When faced with highly-personal emotional difficulties, most people turn to meditation, long runs, professional counseling or have regular meetings with chocolate. But not Taylor Marie. She turned to a tobacco juice detox to free herself from the emotional blocks that she says plagued her since she was young.
You read right. Tobacco juice. Most detox from tobacco, not with it.
We’re intrigued more than anything, since just reading those two words together already makes our stomachs uneasy. I mean, we’ve heard of trying to gain mental clarity by fasting, going to silence retreats or engaging in lemon juice detox diets, but drinking tobacco juice?
Can tobacco be good for you? A day in the life of drinking tobacco juice
Marie went into it knowing that she was going to feel like “hell” as she says, but says she’d “rather put herself through a week of hell than a lifetime of it.” So. . . what was the tobacco juice detox like?
She documents her week drinking it in the video above, saying that although she was scared to try it, it was the best way she (and the healer who did her tobacco reading) felt would shed her inner demons.
For starters, Marie often felt as though she was “buzzing from head to toe,” after drinking the juice. To get it down, she typically had to plug her nose while consuming the juice. If she unplugged, well, welcome to Vomitville. One night she explains (barely) her inability to speak easily and how she simultaneously felt cold, yet was sweating. Hmmm.
Just about the only positive, to us at Raw and Natural Health anyway, was the fact that one night she had a wonderful dream in which two women entered her room, and in a kind of cleansing ritual, told her not to be scared. And oh yeah, she says that a few days into it, she felt happier and “mentally stronger.”
Honestly, we think anyone would feel mentally stronger for having the guts to ingest tobacco juice in the first place, so we’re more inclined to say her strength was more of a “Yay, I survived such grossness” factor than it was from tobacco juice powers. Then again, who knows. If it ultimately made her feel better, then good for her.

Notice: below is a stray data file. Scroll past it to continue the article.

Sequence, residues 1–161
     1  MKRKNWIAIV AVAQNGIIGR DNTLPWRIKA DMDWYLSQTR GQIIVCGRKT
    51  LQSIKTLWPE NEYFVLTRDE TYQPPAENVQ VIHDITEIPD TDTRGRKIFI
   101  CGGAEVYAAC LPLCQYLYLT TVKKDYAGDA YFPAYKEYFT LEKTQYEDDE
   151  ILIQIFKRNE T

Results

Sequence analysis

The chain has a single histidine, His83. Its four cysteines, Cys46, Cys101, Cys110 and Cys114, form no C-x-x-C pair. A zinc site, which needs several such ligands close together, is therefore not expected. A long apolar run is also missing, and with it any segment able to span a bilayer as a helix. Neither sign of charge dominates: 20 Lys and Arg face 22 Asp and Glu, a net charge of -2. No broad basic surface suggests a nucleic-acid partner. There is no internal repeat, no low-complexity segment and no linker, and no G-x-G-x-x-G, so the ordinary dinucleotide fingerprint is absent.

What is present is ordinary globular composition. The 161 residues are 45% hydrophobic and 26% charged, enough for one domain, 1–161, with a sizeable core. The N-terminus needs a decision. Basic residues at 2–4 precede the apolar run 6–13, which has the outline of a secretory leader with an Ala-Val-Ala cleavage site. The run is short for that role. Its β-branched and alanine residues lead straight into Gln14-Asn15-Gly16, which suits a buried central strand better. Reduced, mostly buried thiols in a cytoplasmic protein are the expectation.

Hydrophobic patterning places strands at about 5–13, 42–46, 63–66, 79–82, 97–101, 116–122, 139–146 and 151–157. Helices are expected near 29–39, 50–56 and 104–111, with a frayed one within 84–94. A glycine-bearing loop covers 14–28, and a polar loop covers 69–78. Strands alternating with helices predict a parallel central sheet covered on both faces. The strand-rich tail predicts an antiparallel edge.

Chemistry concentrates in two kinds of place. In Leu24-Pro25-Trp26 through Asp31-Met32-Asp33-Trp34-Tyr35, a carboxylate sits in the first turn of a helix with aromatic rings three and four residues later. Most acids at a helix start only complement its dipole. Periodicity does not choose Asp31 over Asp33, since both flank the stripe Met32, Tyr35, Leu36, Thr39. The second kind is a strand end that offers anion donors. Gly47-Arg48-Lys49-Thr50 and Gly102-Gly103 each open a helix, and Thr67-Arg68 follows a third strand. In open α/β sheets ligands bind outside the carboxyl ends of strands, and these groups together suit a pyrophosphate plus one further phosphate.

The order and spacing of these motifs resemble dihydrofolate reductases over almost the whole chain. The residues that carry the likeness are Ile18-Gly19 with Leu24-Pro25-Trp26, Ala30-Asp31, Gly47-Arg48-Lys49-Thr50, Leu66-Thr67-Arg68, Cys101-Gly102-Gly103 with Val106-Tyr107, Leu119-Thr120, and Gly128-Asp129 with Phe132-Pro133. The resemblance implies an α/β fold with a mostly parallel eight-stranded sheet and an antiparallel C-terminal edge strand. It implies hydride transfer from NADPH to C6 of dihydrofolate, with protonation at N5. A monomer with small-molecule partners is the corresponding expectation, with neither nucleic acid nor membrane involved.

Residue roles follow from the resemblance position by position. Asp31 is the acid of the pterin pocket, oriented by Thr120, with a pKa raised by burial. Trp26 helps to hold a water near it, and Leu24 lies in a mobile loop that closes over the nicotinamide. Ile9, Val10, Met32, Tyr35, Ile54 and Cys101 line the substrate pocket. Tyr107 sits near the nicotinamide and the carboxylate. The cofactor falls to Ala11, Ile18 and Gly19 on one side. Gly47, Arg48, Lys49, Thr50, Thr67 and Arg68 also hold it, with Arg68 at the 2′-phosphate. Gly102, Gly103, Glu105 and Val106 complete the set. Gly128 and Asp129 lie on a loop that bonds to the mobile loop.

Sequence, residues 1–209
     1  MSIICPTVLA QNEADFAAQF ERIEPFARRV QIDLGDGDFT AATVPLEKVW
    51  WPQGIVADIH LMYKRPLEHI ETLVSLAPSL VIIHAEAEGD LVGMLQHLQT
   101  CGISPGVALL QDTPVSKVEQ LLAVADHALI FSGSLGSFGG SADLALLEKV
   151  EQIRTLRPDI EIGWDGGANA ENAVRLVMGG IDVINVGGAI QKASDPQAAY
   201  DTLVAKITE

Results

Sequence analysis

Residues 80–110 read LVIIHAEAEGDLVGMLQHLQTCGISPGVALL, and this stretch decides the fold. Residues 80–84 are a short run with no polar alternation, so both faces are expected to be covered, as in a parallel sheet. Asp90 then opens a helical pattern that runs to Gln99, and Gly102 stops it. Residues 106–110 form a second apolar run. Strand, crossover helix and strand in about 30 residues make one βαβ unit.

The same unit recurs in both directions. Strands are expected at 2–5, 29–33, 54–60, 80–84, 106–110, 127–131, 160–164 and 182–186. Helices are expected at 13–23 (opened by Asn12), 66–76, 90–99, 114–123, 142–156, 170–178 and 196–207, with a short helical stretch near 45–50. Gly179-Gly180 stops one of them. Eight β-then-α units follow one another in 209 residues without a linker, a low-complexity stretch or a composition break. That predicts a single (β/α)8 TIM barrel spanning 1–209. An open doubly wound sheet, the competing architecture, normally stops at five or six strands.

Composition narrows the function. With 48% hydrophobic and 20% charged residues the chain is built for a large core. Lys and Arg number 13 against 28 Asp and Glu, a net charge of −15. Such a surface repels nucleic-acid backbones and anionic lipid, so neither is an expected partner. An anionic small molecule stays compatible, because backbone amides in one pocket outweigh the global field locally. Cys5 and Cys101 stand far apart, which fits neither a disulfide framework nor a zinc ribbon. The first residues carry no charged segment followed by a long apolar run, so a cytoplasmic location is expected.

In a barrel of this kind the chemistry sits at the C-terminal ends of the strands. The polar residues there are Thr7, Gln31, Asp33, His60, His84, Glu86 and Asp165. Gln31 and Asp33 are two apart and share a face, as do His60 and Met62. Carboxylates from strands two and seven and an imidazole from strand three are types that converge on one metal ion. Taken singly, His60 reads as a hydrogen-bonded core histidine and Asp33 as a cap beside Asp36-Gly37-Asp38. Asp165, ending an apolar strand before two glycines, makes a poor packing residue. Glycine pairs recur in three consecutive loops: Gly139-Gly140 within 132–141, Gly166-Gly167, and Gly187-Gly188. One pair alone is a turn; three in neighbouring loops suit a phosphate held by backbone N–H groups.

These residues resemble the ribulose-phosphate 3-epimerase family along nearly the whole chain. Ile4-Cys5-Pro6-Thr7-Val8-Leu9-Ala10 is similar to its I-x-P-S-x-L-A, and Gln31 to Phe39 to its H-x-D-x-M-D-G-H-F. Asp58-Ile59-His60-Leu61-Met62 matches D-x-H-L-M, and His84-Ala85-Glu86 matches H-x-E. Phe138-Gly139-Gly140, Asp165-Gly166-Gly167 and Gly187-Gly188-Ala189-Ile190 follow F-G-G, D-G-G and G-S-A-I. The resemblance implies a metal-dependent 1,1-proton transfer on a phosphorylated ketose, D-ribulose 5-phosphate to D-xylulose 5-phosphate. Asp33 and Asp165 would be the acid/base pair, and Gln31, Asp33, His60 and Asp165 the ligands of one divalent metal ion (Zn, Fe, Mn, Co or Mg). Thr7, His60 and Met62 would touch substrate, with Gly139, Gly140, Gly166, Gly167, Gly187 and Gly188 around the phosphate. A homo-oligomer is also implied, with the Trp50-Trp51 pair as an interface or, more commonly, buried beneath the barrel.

Tobacco for healing, it turns out, is nothing new. The Tucano tribes of the north-west Amazon used to give teenage boys tobacco snuff to formally initiate them as men. Many other tribes have used tobacco smoke before engaging in battle, and have used its juice on the skin to help heal snake bites and control lice.
It’s even been placed directly in the eye with a dropper to improve night vision. For more about the role tobacco has had primarily in South America, read here.
But wait, there’s also fecal transplants and urine therapy . . .
The only part of this that has us thinking, maybe, just maybe, there could be something to it are stories floating around about people who have healed themselves in other ways typically deemed unconventionally yucky.
You know, things like urine therapy (basically throwing back a shot of your own urine and for those less brave, slathering it on their skin) and freezing poo to use thawed at a later time in life through a tube that runs from the nose to the stomach in the hopes that it might cure recurring infections.
So this concludes today’s bizarre/interesting health news of the day.
The idea of doing what makes you feel good is something we typically subscribe to, but in this case, we think we’ll stick to our turmeric smoothies and fennel juices to improve our health, thank you very much.
Sources for this article include: